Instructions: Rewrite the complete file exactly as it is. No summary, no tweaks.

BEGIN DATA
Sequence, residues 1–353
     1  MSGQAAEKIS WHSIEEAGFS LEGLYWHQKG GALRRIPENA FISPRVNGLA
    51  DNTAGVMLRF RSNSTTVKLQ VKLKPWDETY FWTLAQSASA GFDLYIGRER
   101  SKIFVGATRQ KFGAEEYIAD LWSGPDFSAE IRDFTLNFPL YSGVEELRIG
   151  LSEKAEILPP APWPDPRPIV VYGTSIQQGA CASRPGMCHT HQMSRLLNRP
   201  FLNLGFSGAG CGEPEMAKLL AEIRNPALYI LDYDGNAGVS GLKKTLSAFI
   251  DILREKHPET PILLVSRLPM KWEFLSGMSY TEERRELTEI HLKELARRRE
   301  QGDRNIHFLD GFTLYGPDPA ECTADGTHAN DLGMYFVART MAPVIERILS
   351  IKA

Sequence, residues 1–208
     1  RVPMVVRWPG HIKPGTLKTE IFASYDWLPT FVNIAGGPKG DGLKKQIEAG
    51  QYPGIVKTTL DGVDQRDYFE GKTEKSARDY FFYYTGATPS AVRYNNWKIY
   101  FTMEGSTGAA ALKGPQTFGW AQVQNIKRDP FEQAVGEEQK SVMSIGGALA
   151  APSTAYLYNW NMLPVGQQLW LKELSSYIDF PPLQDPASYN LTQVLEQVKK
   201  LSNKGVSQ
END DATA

Sequence, residues 1–353
     1  MSGQAAEKIS WHSIEEAGFS LEGLYWHQKG GALRRIPENA FISPRVNGLA
    51  DNTAGVMLRF RSNSTTVKLQ VKLKPWDETY FWTLAQSASA GFDLYIGRER
   101  SKIFVGATRQ KFGAEEYIAD LWSGPDFSAE IRDFTLNFPL YSGVEELRIG
   151  LSEKAEILPP APWPDPRPIV VYGTSIQQGA CASRPGMCHT HQMSRLLNRP
   201  FLNLGFSGAG CGEPEMAKLL AEIRNPALYI LDYDGNAGVS GLKKTLSAFI
   251  DILREKHPET PILLVSRLPM KWEFLSGMSY TEERRELTEI HLKELARRRE
   301  QGDRNIHFLD GFTLYGPDPA ECTADGTHAN DLGMYFVART MAPVIERILS
   351  IKA

Sequence, residues 1–208
     1  RVPMVVRWPG HIKPGTLKTE IFASYDWLPT FVNIAGGPKG DGLKKQIEAG
    51  QYPGIVKTTL DGVDQRDYFE GKTEKSARDY FFYYTGATPS AVRYNNWKIY
   101  FTMEGSTGAA ALKGPQTFGW AQVQNIKRDP FEQAVGEEQK SVMSIGGALA
   151  APSTAYLYNW NMLPVGQQLW LKELSSYIDF PPLQDPASYN LTQVLEQVKK
   201  LSNKGVSQ